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Indigenous Peoples’ contributions to Canada celebrated

A dancer from the Mountain Cree Smallboy Camp mesmerizes onlookers with a traditional performance during National Indigenous Peoples Day at Robson Park on June 21. | J.Stockfish photo

Jason Stockfish |

Hundreds of residents and visitors gathered in Robson Park on June 21 to celebrate National Indigenous Peoples Day on Treaty 6 and Treaty 8 land.

The contributions of Indigenous peoples to Canada were recognized by representatives of Parks Canada and the Municipality of Jasper.

Emceeing the celebrations was Mark Young, Indigenous Relations Manager with Parks Canada.

Young’s dad jokes and friendly demeanor brought a welcome lightheartedness to the afternoon.

Speaking on behalf of Parks, the federal entity that forced the first peoples from this land when the government created Jasper Forest Reserve in 1907, was David Argument, acting superintendent of Jasper National Park.

“This is a day to recognize the many languages, cultures and immeasurable contributions, both past and present, that First Nations, Inuit and Metis people have made to Canada,” he said.

“On this day, and throughout National Indigenous History Month, we reflect on the vital contributions that Indigenous peoples have made to the identity, culture and landscapes of our Park, our province, and our country.”

More than 25 Indigenous communities representing six different language families from Alberta and British Columbia have worked alongside Jasper National Park “to build meaningful relationships that continue to inform and to guide how we interact with and steward these lands,” Argument stated.

“We acknowledge their stewardship of and the enduring connection to this place that we call Jasper National Park,” he said.

The confirmation of unmarked graves at the sites of former residential schools is a painful reminder of the “devastating legacy of colonialism and systemic racism in Canada,” he added.

“In response to our growing awareness of these impacts, I’d like to emphasize Parks Canada’s commitment to advancing truth and reconciliation to renew our relationship with Indigenous peoples and to try to ensure a lasting resolution so that history is not forgotten.”

Jasper Mayor Richard Ireland spoke on behalf of the municipality.

“Jasper acknowledges accountability to address the ongoing impacts of colonization that continue to affect Indigenous peoples.”

Ireland explained that the municipality has established an inclusion, diversity and equity committee with continued efforts to address the calls to action set out in the Truth and Reconciliation Report that applies to municipalities.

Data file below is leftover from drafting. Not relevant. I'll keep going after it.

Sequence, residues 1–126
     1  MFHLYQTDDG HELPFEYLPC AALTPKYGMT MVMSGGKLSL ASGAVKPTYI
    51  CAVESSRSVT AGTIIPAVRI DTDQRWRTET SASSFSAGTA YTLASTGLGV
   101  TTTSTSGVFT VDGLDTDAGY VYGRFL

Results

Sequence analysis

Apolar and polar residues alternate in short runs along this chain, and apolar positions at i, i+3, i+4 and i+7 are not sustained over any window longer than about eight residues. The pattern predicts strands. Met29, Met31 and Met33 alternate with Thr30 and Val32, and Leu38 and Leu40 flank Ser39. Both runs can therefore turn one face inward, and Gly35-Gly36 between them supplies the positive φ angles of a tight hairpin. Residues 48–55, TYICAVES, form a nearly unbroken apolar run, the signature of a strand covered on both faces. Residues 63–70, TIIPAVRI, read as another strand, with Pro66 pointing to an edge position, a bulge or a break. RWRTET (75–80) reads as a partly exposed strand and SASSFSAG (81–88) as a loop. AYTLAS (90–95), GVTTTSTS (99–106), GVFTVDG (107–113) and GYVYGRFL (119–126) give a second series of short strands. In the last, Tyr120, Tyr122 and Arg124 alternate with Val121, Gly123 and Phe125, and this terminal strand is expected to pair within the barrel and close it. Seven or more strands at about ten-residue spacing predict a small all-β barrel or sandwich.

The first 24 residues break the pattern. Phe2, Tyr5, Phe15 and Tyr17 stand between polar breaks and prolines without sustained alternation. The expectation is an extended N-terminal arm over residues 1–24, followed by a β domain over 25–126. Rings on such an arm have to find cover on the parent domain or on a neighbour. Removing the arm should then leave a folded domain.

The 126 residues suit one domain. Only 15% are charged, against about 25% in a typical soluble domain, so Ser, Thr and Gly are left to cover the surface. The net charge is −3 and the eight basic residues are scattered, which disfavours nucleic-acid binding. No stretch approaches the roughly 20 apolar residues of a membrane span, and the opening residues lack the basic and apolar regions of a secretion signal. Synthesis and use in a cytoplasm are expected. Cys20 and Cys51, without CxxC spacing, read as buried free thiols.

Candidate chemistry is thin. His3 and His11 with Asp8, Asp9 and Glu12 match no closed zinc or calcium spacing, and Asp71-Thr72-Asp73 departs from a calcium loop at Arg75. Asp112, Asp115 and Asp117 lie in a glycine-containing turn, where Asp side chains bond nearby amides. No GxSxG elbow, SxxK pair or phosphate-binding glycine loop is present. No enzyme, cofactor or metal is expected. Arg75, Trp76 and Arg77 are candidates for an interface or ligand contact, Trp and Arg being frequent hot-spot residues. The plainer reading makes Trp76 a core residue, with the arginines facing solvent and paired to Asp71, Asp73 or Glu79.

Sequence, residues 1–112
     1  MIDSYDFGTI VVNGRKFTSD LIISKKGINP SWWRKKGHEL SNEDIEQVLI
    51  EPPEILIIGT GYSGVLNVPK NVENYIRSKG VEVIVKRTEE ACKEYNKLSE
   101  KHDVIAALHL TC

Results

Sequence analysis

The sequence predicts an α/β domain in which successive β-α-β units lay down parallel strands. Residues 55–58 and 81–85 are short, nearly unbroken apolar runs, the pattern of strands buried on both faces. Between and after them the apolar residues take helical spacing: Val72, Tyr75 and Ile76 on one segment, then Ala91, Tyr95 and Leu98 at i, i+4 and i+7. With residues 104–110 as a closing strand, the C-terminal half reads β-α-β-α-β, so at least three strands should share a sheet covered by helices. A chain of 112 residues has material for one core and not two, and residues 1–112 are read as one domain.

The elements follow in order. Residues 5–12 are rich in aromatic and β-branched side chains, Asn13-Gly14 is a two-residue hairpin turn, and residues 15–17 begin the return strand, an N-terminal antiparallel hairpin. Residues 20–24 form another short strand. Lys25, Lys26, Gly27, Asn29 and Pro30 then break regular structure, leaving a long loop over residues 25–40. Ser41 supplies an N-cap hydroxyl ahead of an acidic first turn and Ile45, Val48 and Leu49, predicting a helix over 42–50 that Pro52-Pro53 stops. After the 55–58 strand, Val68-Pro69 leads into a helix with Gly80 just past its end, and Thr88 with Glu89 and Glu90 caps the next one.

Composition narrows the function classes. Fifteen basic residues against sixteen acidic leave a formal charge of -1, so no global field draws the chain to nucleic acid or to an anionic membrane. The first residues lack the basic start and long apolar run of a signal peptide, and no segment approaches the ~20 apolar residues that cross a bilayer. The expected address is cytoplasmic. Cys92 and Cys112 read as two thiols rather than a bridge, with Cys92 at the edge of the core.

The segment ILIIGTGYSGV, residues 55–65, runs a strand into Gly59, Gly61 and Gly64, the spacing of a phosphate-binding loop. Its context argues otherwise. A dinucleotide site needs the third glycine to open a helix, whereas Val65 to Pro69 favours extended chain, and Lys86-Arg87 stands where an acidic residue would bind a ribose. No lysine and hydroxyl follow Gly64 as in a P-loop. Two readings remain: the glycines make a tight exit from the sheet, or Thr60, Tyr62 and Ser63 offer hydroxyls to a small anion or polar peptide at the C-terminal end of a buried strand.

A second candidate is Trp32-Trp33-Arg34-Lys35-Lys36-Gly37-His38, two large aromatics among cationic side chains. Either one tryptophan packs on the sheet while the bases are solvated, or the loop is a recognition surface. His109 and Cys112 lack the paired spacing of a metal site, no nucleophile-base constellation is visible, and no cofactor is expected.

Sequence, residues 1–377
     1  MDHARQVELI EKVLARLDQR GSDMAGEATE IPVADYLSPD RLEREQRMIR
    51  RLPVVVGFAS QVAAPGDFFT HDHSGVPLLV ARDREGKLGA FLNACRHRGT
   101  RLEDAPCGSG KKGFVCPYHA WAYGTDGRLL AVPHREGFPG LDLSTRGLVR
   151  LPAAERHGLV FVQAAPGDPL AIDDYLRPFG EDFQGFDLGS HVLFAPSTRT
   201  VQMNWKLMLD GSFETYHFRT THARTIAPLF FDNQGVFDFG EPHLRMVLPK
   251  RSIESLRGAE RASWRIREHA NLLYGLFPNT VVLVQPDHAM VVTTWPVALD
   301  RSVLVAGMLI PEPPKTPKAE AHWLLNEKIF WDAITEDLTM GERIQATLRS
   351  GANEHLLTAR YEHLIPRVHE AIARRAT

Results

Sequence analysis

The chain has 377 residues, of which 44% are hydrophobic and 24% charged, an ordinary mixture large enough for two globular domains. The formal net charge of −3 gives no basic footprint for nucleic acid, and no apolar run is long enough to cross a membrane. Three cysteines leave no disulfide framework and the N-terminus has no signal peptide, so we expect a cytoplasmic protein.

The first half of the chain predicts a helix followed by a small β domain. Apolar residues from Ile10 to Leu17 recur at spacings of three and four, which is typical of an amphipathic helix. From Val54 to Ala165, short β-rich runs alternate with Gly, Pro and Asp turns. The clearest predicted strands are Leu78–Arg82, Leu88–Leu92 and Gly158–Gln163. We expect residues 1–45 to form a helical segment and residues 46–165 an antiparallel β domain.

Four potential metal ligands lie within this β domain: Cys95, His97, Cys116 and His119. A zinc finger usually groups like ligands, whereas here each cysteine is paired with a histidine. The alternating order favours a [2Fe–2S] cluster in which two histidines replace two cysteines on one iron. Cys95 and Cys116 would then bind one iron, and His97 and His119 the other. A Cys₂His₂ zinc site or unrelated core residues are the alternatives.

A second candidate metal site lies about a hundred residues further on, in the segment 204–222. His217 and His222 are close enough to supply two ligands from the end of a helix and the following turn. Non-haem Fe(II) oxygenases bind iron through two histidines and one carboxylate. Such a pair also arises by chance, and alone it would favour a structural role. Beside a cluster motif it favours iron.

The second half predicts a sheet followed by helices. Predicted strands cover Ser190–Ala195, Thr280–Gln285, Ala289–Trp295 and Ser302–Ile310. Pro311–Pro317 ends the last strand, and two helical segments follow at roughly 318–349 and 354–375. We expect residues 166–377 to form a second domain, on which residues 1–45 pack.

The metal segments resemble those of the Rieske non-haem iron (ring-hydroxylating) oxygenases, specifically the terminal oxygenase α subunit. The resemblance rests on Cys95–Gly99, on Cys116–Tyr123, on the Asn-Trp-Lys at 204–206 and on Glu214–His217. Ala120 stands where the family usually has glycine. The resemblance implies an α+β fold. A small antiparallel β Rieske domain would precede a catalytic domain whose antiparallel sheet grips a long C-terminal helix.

The day before, Ireland and Stoney Nakoda elder John Wesley raised the Every Child Matters flag at the Jasper Fire Hall in recognition of past atrocities committed by Canadian institutions and individuals toward Indigenous peoples.

“Yesterday was a day to be reminded, to reflect, to renew resolve for a more just future,” Ireland said.

“It was a day intended to have us acknowledge the painful past, to better prepare us for today, National Indigenous Peoples Day, a day devoted to the celebration of Indigenous pride and Indigenous culture.”

The mayor explained that National Indigenous Peoples Day is also a day “to focus on the abundant positive parts of our past relationship (and) to recognize and to applaud the varied and valuable contributions First Nations, Inuit and Metis (people) have made to our shared heritage, our shared history and our shared land.”

“We are all mountain people…happy to share the peace, the beauty and the spirituality of these valleys, rivers, ridges and peaks,” Ireland said.

“We recognize as well that the early European explorers in these territories relied upon the knowledge, the skill and the generosity of local and regional Indigenous peoples not only for guiding purposes but for their survival.”

One such explorer who relied on the wisdom and survival skills of the Stoney people was Mary Schäffer, who was guided to Maligne Lake by Samson and Leah Beaver in 1908.

Those European travellers ascribed Indigenous names such as Athabasca, Kerkeslin and Poboktan to waterways, mountains and mountain passes.

“Today, we celebrate our shared heritage, our shared history, our shared home, and most importantly, our shared future. A future made possible through reconciliation,” the mayor said.

After Mayor Ireland finished speaking, Wyane Smallboy-Wesley addressed those who had gathered.

“We are all mountain people. We live in the mountains. We play in the mountains. We sleep in the mountains. And we share stories and we dance.”

“Let’s celebrate this day with kindness and love in our hearts to be who we are as human beings,” Smallboy-Wesley added.

“We all speak a different language but we all love to sing and dance so let’s do what we do best; share and care for one another.”

After Smallboy-Wesley concluded, drummers and grass dancers brought the crowd together with soothing and healing performances. 

In conversation prior to the day’s celebrations, the Stoney Nakoda elder offered these words of wisdom.

“In the opening prayer today, I’ll ask our Creator for good health and a good future.”

He explained that focusing on the individual rather than what is best for the community creates animosity and the anger only festers and grows from such selfishness.

“If you don’t let go of your anger, you’ll never change. Trying to hurt people is not the answer.”

One must possess a peaceful understanding of themself before they can empathize and sympathize with others, Wesley offered.

“That way you have better communication and understanding and you can find a way of moving ahead in a good manner,” he said.

“If you go ahead full of anger, you won’t be successful. If you understand yourself first, then you can understand others.”

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